Phil: No, no; what we’re not doing is trying to tell every individual story from the Bible. What we’re doing is telling the macro story of the Bible; we start out by saying: “What is the Bible? It is the story of God and us. Now, let’s tell that story.” If there is a story that ties into God’s rescue plan—and we talk about sin; sin usually doesn’t come up in kids’ Bibles either—we talk about sin. We actually visualize it, because we know the concept of sin entering creation. Sin/we have the stain of sin on us, so we actually visualize sin.
If you are a Trekkie—like I was when I was a kid—there was an episode called “Trouble with Tribbles.” The starship Enterprise got overrun by these little, furry hamster things that just kept multiplying. I thought, “Well, that’s kind of like sin.” We made these little furry things that fall in and stick to Adam and Eve, with little faces, going, “Arr,” “Arr,” “Arr,” “Arr.” Kids are like, “Okay, that’s the stain of sin”; you’ve got sin on you. The problem is sin can’t be close to God. So if you have the stain of sin on you, it means you can’t be close to God. God made a rescue plan to get the stain of sin off of us to take care of the problem of sin.
Now, if kids don’t have that, you don’t even know why you need a New Testament. If all they have is Adam and Eve, and the ark, and the lion’s den, and then Jesus, it’s just a bunch of stories. We really need to tell the whole arc of Scripture, which includes the keys of: the fall; sin, our inability to be close to God when we have sin on us; and then His amazing rescue plan. That’s the story in the Bible.
Michelle: Phil Vischer—a powerful storyteller with a passion to tell the truth, and the whole truth, and nothing but the truth. I am so thankful for him.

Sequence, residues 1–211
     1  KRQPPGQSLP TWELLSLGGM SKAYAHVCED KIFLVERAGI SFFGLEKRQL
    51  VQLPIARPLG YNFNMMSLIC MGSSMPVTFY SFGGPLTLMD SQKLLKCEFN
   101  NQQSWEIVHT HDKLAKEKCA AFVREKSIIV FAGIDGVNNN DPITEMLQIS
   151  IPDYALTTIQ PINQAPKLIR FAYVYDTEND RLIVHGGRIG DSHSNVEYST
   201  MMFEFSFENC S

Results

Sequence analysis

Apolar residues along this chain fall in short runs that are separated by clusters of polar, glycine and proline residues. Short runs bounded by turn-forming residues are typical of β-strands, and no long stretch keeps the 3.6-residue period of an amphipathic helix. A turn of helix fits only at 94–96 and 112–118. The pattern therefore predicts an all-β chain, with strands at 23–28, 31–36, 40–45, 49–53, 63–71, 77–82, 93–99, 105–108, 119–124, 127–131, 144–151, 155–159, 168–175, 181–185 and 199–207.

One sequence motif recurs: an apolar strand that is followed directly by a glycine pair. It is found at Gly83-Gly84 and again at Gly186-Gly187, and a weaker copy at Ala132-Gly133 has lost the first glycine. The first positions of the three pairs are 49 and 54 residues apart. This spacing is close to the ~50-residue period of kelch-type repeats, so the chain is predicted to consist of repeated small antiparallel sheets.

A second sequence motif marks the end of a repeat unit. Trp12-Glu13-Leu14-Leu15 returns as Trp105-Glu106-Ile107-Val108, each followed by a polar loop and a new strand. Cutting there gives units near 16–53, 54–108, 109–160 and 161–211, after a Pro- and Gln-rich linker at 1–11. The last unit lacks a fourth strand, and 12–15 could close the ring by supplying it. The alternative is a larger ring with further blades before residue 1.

You know, we have great cause to celebrate Easter this weekend: for God sent His Son, Jesus, to live on earth. He taught us how to live. He died on the cross for our sins. He was buried. On the third day, He rose again and is now seated at the right hand of God, where He is interceding for us.
There is a hymn that I love to sing during this season. The third verse is so rich; it goes like this: “Love’s redeeming work is done. Alleluia. Fought the fight, the battle won. Alleluia. Death in vain forbids His rise. Alleluia. Christ has opened Paradise. Alleluia.” I’d sing, but you don’t want to hear me; but we do have a link on our website to a great version of that hymn, which is Christ the Lord Is Risen Today. Go to our website, FamilyLifeThisWeek.com; that’s FamilyLifeThisWeek.com.
Thanks for joining me today. Hey, next week, I’m going to talk with Meg Robbins. She’s the wife of FamilyLife®’s new president, David Robbins. I’ll be asking Meg about their cross-country move and how she is helping four little kids through the losses of moving. Meg’s a neat lady, so you’ll want to stay tuned and listen for that.
Thanks for listening! I want to thank the cofounder of FamilyLife®, Dennis Rainey, and our president, David Robbins, along with our station partners around the country. A big “Thank you!” to the best engineer ever, Keith Lynch. Thanks to our unsurpassed producers, Marcus Holt and Bruce Goff. Justin Adams is our matchless mastering engineer, and Megan Martin is the queen of production coordination.